In an interview published in the San Francisco Examiner, dated 18 March 1900, Vivekananda said, “I do not wish to talk on politics. I do not wish to discuss politics. I will have nothing to do with cowards or political nonsense. I do not believe in any politics. God and truth are the only politics in the world, everything else is trash. Religion is of deeper importance than politics, since it goes to the root, and deals with the essential of conduct.” The quarrels of politicians are very curious.
There was an article published in the Madras Times, in February 1897- which mentioned what Vivekananda said on politics of India and common man. The article stated some strong statements of Swamiji which says, “It will take ages to bring religion into politics. Swami Vivekananda always felt politics is not India’s subject. Once in an interview he said, “If you will come to India and talk with the workman in the field, you will find he has no opinion on politics. He knows nothing of politics. But you talk to him of religion, and the humblest knows about monotheism, deism, and all the isms of religion. You ask: “‘What government do you live under?’ and he will reply: ‘I don’t know. I pay my taxes, and that’s all I know about it.’ I have talked with your labourers, your farmers, and I find that in politics they are all posted. They are either Democrat or Republican, and they know whether they prefer free silver or a gold standard. But you talk to them of religion; they are like the Indian farmer, they don’t know, they attend such a church, but they don’t know what it believes; they just pay their pew rent, and that’s all they know about it — or God.” No amount of politics would be of any avail until the masses in India are once more well educated, well fed, and well cared for. Each nation, beyond a general humanity, develops a certain peculiarity of character — so in religion, so in politics, so in the physical body, so in mental habitude, so in men and women, so in character. One nation develops one peculiarity of character, another takes another peculiarity. Every nation wants to safeguard its supremacy, political interest, and commerce.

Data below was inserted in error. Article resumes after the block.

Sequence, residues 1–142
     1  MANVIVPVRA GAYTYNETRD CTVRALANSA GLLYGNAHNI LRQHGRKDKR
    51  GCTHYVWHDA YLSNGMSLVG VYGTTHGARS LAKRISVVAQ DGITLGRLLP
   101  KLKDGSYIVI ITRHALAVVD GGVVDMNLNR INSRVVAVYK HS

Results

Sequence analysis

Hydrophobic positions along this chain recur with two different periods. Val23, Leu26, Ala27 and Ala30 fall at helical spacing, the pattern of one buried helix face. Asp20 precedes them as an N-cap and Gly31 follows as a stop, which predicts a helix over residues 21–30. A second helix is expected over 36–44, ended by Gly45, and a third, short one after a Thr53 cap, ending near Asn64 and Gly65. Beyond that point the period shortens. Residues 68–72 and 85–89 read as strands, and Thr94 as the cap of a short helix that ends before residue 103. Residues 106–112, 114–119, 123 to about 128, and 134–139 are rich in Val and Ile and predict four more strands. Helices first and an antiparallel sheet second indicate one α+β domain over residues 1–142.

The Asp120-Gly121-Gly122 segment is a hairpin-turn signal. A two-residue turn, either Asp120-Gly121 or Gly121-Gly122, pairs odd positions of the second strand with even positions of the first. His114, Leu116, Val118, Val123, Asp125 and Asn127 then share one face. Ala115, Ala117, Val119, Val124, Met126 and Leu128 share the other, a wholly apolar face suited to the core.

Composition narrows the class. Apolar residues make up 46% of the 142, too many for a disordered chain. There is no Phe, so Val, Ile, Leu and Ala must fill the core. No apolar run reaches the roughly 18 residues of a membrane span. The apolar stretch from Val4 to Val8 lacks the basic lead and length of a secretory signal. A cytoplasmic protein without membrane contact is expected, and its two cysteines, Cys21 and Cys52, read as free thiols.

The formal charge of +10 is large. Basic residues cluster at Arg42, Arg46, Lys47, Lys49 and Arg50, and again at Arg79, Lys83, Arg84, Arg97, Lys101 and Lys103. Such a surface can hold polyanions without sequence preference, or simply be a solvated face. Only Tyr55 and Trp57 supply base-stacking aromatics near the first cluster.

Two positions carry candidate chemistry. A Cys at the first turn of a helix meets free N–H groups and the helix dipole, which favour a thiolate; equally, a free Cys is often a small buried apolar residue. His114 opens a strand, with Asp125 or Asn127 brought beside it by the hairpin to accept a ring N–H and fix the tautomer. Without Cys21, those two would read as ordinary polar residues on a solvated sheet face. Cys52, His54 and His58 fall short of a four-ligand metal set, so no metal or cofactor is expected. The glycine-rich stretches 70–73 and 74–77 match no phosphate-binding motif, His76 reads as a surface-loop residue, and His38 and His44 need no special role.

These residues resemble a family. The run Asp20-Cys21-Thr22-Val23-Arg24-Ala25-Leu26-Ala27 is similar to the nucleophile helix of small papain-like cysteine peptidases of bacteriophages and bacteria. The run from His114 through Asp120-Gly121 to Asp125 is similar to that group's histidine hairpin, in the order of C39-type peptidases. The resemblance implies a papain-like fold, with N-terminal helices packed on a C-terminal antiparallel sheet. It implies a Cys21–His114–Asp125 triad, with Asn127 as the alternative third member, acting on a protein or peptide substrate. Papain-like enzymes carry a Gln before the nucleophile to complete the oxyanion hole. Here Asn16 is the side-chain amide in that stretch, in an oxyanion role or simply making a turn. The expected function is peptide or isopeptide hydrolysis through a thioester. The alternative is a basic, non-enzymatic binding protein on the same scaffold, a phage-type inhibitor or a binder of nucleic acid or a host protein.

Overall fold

He believed that by this cultivation of religion and the wider diffusion of Vedanta, both this country and the West will gain enormously. To him, the pursuit of politics is a secondary means in comparison with this. He has laid down his life to carry out this belief practically. He said, “If you believe in any other way of accomplishing the good of India, well, you may go on working your own way.” In India, it is religion that forms the very core of the national heart. It is the backbone, the bed-rock, the foundation upon which the national edifice has been built. Politics, power and even intellect form a secondary consideration here. Religion, therefore, is the one consideration in India. Not politics nor military neither power, nor commercial supremacy or mechanical genius furnishes India with that backbone, but religion; and religion alone is all that we have and mean to have. I hope that today’s politicians, who are making noises in the name of Swami Vivekananda, at least read and understand his teachings for the betterment of the nation and its people.